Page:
NORTH KOHALA — More than 50 Kohala High School (KHS) students, divided among four agriculture-related classes, learn how to plant and grow produce weekly on the school’s 5-acre farm.
On Tuesday, they worked in teams of two to plant 50 new tropical fruit trees at the farm donated by The Fruit Tree Planting Foundation (FTPF) — an international nonprofit organization based in Pittsburgh, Pennsylvania that opened a branch in Puna three years ago.
KHS was the sixth school on Hawaii Island gifted fruit trees last month, as a part of FTPF’s “Fruit Tree 101” program. Varieties planted in Kohala ranged from citrus to avocado, breadfruit, starfruit, jaboticaba and mountain apple.
Since it was launched in 2005, the program has been implemented at schools and communities all over the world. After the first planting in San Diego, tens of thousands of trees have been donated at schools and communities in many other U.S. cities and countries including Brazil, El Salvador, Guatemala, Kenya, Uganda, South Africa and India.
This year alone, FTPF has planted and distributed more than 65,000 fruit trees in six countries. Next year that number will most likely jump to 85,000 trees, according to their Co-Creator Cem Akin.
FTPF’s primary mission “is to plant and help others plant a collective total of 18 billion fruit trees across the world (approximately three for every person alive) and encourage their growth under organic standards,” it states on their website.
“There’s a beauty and elegance planting a fruit tree because it addresses the world’s key problems — global hunger and climate change — and brings communities together. Rather than setting up three different charities, we do it all,” Akin said. “Hawaii is one of the best places in the world to plant fruit trees. They thrive and the communities and schools appreciate them.”
One of the things that attracted FTPF to KHS was that fruit grown on campus is used directly in the school cafeteria.
Just a year-and-a half ago, KHS’ school farm was a far cry from what it is today, prompting the Hawaii Institute of Pacific Agriculture — better known as HIP Ag — to step in as a partner.
“Kohala High’s farm and buildings were overgrown with plants and bushes,” Dash Kuhr said, HIP Ag’s owner said. “Our organization has been super involved with the (state’s) Farm to School pilot program since last year. We’re currently the only distributor in Kohala that’s supplying the cafeteria.”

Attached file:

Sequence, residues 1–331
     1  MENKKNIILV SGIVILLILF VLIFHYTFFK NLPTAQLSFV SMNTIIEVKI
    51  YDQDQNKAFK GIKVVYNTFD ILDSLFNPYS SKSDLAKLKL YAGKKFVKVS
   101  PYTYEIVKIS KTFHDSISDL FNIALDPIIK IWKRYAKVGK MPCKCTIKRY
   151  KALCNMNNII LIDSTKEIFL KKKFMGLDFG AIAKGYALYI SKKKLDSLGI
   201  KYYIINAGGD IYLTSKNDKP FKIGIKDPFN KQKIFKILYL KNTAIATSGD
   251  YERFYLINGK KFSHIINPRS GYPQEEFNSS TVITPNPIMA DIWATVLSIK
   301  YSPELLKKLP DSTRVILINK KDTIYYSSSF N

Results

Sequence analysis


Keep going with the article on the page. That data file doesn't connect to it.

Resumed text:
Because of that involvement, HIP Ag knew which produce the cafeteria staff wanted and needed and found a way to finance it.
“Our director of development, Lauren, came across the FTPF grant proposal and applied for it. She asked how many trees we wanted and I was like, 50 or 100. We know they love tangelos and navel oranges, so we’re putting a bunch of stuff (on the farm) we know they will utilize. Fresh fruits are low hanging fruit and easy for them to use.”
He continued, “We’re super enthused to have linked up with The Fruit Tree Planting Foundation and that they selected us. It was a good fit.”
The four KHS ag classes taught by HIP staff are “Natural Resources,” “Natural Resources Business,” “IT” and “Environmental Science.” In addition, students are involved in the care of the trees from the ground up — planting, watering, fertilization, pruning and harvesting the fruit.
“We’re teaching them all aspects of crop production, from seeding to transplants, field prep and processing,” Kuhr said.
Sophomore Zhane Ellazar learned last year how to grow kalo, bananas, and sweet potatoes in his ag class. At Tuesday’s planting, he helped plant multiple orange trees.
“I know now about nature and how to plant things,” he said. “My favorite produce we grew last year was bananas, which we used to make banana lumpia.”
Ellazar said one day he might want to be a farmer.
“This year is the first year the farm program has been fully integrated,” KHS principal Janette Snelling said. “HIP Ag staff are almost full-time for all of our classes. There’s a real opportunity for true partnerships. We’re all working in one coordinated effort.”
The grant was made possible through financial support from the William J. and Dorothy K. O’Neill Foundation, based in Cleveland, Ohio. The foundation specifically selects family health-related programs to fund.
Beyond donating the trees, FTPF provides lessons on the importance of trees for the environment and workshops on tree care as part of the collaborative effort.
“Here, you have the school, HIP Ag, The Fruit Tree Planting Foundation and the O’Neill Foundation. The most successful projects are the ones that have the most collaboration, so we think this orchard has a fruitful future,” Akin said.
The September project is the launch of a set of future projects FTPF intends to do every six to eight months on the Big Island.
“This is furthering the whole agricultural mission. It’s rekindling interest for the future, getting the next generation to see the value in trees and the self-pride in planting something that will be here for generations to come,” District 9 Councilman Tim Richards said at the planting Tuesday. “Now things are really blossoming for the farm to plate initiative. It’s about feeding ourselves — one of the important life lessons.”
The Fruit Tree Planting Foundation is currently accepting applications from schools, food banks, communities and families for future gifting.
To apply for an FTPF orchard: Go to www.ftpf.org/apply.htm